Planet Aid Taps into the Sun

A large-scale solar energy installation is being constructed at Planet Aid's warehouse facility in Milford, Massachusetts. When completed, the rooftop system will produce 684,000 kilowatt-hours per year, meeting Planet Aid's energy demands and producing a surplus for others to use.

The array will contribute to Massachusetts achieving its goal to cut greenhouse gas emissions to 15% of 1990 levels by 2020. Approximately 12,000 metric tons of carbon dioxide will be saved, which is equivalent to saving over 1.3 million gallons of gasoline or planting more than 11,000 acres of new forest.

"Planet Aid is dedicated to fighting climate change," said Planet Aid Chief Operating Officer Fred Olsson. "By generating clean renewable energy, we will be helping achieve greater energy independence while supporting green job creation in Massachusetts."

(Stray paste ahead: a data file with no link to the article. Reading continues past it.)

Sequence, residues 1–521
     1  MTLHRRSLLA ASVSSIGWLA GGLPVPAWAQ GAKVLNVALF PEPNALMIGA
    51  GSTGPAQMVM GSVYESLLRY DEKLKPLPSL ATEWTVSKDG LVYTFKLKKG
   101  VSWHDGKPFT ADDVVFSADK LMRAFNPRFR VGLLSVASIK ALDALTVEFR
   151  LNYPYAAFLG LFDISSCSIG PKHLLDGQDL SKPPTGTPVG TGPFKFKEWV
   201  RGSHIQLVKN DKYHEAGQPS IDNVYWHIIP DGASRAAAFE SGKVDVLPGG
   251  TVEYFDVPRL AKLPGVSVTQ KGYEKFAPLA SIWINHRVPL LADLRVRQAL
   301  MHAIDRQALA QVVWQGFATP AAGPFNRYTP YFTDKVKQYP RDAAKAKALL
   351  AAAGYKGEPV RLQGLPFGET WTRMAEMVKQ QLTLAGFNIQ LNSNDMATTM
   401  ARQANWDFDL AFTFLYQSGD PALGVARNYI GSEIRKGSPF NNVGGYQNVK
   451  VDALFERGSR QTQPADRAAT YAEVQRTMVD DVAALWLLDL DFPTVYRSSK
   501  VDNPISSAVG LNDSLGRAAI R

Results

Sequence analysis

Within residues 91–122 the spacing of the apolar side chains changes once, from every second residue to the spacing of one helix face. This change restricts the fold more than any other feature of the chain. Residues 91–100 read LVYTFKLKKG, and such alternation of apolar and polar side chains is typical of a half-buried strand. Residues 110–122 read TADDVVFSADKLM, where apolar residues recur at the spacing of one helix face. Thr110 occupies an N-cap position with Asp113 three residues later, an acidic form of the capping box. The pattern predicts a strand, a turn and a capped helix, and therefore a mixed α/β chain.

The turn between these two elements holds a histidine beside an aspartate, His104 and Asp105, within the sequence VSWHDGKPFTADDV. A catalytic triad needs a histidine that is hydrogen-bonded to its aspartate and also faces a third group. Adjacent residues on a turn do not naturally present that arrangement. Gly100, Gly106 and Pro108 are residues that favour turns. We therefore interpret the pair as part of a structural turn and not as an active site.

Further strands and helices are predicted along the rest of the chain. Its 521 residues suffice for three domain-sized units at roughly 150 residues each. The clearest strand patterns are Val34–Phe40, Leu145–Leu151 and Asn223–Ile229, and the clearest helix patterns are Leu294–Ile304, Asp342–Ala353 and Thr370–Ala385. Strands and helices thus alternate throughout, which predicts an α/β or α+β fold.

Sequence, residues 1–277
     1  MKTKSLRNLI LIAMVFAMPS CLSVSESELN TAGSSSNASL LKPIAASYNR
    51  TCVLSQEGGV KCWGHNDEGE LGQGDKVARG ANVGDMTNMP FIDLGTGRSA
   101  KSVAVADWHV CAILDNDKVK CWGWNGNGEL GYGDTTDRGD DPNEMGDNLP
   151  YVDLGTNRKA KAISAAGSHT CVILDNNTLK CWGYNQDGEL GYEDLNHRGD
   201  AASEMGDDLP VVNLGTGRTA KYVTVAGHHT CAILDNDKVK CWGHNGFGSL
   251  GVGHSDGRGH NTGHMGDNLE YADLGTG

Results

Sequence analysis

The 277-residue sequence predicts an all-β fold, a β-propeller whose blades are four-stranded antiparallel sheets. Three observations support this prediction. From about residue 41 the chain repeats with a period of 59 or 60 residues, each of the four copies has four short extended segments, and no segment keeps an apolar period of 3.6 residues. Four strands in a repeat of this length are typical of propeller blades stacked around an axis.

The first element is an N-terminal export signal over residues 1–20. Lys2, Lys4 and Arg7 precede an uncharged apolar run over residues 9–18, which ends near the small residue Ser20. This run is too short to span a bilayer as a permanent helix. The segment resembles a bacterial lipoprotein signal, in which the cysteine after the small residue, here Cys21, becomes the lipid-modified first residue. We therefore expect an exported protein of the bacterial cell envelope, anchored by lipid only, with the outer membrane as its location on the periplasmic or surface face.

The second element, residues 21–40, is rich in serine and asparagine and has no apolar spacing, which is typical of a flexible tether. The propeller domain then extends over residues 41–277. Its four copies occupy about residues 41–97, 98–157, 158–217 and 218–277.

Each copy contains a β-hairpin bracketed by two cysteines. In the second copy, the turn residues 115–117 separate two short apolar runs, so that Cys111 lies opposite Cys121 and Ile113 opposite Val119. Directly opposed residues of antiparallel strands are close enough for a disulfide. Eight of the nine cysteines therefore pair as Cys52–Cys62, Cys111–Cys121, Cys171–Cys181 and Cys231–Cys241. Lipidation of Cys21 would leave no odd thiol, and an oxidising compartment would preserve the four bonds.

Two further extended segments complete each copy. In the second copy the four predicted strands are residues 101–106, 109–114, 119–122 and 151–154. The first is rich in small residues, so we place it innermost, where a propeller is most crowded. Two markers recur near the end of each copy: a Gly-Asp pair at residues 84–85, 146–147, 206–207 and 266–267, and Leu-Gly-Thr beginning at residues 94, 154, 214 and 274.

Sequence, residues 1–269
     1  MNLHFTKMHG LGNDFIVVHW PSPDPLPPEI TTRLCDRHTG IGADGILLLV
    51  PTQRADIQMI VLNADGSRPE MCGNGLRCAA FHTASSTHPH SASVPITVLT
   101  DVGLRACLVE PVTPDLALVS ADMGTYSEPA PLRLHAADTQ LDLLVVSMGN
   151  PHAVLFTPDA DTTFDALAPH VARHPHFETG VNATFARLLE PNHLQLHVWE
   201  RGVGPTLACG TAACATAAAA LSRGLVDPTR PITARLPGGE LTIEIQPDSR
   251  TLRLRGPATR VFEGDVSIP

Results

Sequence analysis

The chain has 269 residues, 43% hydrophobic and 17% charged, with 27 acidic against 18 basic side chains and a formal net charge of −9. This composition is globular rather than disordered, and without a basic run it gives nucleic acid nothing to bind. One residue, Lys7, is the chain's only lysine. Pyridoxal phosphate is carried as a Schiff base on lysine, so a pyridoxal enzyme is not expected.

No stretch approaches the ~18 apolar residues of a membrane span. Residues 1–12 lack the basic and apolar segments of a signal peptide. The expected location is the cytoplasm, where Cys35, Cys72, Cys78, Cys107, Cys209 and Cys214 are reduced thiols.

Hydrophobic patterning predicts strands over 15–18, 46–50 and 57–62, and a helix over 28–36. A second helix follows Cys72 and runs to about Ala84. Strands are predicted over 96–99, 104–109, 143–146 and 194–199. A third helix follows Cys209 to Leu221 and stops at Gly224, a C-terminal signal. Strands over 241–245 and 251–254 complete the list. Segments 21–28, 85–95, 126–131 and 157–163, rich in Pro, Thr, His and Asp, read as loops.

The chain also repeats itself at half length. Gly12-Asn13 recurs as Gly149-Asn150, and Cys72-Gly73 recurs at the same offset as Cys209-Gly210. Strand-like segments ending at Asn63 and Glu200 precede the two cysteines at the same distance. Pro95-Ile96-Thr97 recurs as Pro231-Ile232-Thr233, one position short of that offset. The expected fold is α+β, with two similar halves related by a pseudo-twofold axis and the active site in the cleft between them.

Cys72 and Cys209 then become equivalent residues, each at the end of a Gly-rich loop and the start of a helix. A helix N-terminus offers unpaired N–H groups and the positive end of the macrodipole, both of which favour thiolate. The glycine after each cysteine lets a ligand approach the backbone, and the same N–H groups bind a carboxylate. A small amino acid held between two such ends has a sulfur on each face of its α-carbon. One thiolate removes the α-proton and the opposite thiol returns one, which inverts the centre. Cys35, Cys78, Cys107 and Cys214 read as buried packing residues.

Planet Aid purchased and renovated the formerly unoccupied 136,000 square foot facility in 2013.  Planet Aid also remediated soil on the property that had been previously contaminated by former owners' operations. 

The warehouse is where unwanted textiles from about 2,000 Planet Aid donation boxes from throughout Rhode Island, Connecticut, and Massachusetts are brought to be unloaded, processed, baled, and sent to buyers for reuse and recycling.

The project is expected to be completed by early next year. Check back for more updates.

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